Ian Thomas Malone



April 2020



Sonic the Hedgehog Undercuts Its Hero by Turning Him into a Generic Bore

Written by , Posted in Blog, Movie Reviews, Pop Culture

Sega built its entire video game empire off the concept of edginess. The company’s “Sega does what Nintendon’t” marketing campaign in the 90s set it apart from the family friendly image of its primary competitor. While much of that contrarian messaging was abandoned by the time Sega left the home console market, fond memories of the Genesis’ mature library live on in the hearts of many gamers.

Sonic the Hedgehog exuded cool from every blue quill in his body. Sega’s mascot wasn’t exactly edgy or risqué, but conducted his ring-collecting business with an aura of hip strikingly absent from Nintendo’s signature Italian plumber. Sonic served as a postmodern icon for what family friendly could mean in the 90s.

The Sonic present in 2020’s Sonic the Hedgehog is decidedly not cool. He’s not quite a loser, but instead a sad desperate loner with no friends. He lives an isolated life where his only company are comic books and the speed that allows him to play sports by himself. This Sonic is the kind of person you might feel bad for, but also probably wouldn’t want to hang out with either.

Sonic the Hedgehog takes Sega’s standard bearer for the concept of cool and commits the unthinkable. Sonic is boring. He’s not very funny. His interactions with local sheriff Tom (James Marsden) possess the makings of a buddy comedy, but the whole endeavor is too desperate to be enjoyable. The whole ordeal is just plain sad.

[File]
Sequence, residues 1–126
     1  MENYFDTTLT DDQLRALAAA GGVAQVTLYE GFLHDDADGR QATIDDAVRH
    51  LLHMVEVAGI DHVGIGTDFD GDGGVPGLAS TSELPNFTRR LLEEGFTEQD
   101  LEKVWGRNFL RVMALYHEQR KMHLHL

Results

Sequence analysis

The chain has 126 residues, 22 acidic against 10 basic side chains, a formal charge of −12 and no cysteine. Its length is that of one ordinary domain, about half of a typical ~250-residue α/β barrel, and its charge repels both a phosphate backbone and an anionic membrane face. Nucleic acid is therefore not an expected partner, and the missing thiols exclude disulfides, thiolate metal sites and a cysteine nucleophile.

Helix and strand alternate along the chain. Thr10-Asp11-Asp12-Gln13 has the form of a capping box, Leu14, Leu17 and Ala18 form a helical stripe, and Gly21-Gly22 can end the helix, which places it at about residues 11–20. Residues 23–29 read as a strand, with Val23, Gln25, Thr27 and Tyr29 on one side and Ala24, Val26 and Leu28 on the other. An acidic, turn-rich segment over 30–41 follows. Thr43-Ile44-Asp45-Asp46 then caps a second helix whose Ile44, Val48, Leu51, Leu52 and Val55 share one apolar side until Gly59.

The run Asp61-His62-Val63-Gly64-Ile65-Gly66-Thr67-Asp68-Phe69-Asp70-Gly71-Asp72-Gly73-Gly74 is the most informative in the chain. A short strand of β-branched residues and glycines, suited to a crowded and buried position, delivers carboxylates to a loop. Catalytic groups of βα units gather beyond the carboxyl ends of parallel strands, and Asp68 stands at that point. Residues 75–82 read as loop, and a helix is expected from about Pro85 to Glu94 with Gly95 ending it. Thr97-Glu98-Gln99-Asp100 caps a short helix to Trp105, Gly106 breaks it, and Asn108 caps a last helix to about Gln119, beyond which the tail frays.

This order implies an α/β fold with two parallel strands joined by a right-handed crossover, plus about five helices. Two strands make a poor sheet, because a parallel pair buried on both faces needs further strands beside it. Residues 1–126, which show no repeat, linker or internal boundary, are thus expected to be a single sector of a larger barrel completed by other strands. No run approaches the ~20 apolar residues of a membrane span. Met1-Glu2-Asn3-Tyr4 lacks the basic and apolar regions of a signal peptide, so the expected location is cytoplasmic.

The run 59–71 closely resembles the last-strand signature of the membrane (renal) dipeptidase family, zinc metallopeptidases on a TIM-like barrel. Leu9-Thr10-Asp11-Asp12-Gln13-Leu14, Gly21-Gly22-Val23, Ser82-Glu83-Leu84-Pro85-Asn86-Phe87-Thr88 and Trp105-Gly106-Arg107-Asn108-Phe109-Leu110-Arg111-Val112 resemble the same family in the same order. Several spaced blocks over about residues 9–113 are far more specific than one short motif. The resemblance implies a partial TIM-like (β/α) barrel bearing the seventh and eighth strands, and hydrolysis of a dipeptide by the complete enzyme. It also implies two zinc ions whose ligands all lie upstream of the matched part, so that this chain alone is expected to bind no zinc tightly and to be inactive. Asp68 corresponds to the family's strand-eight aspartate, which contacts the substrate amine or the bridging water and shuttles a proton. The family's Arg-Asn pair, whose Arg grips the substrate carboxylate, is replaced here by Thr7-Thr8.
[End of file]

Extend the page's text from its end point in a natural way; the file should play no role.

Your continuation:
As arch nemesis Dr. Robotnik, Jim Carrey supplies most of the film’s laughs. Carrey puts forth a zany, over-the-top effort full of physical comedy reminiscent of his 90s output. It’s vintage Carrey, albeit with a little rust around the edges that becomes more obvious as the film progresses. He’s not exactly phoning his performance in, but maybe gets a little tired of revisiting the past.

The plot is pretty silly standard fare for a children’s movie based on a video game. Sonic travels to San Francisco in search of magic mushrooms to escape from Robotnik, but of course the real treasure are the friends made along the way. The generic morals aren’t exactly a problem, but it’s deeply bland stuff for a character crafted to be the antithesis of the mundane.

Is Sonic the Hedgehog really supposed to be a kid’s movie? The simple answer is yes, but it’s clear the filmmakers intended to play hard toward the 90s nostalgic crowd, many of whom may have kids of their own. Carrey’s presence further solidifies the legacy play, but this Sonic isn’t designed to be pleasing to anyone except for young children.

Sonic the Hedgehog is a pretty depressing experience. There is a temptation to disregard its futilities as the product of adults getting their hopes up for an experience crafted for children, but it doesn’t try very hard to be a good kid’s movie either. Sonic is a cool character. It’s unclear why he needed to be so generic and lame in this narrative. Everyone deserves better.




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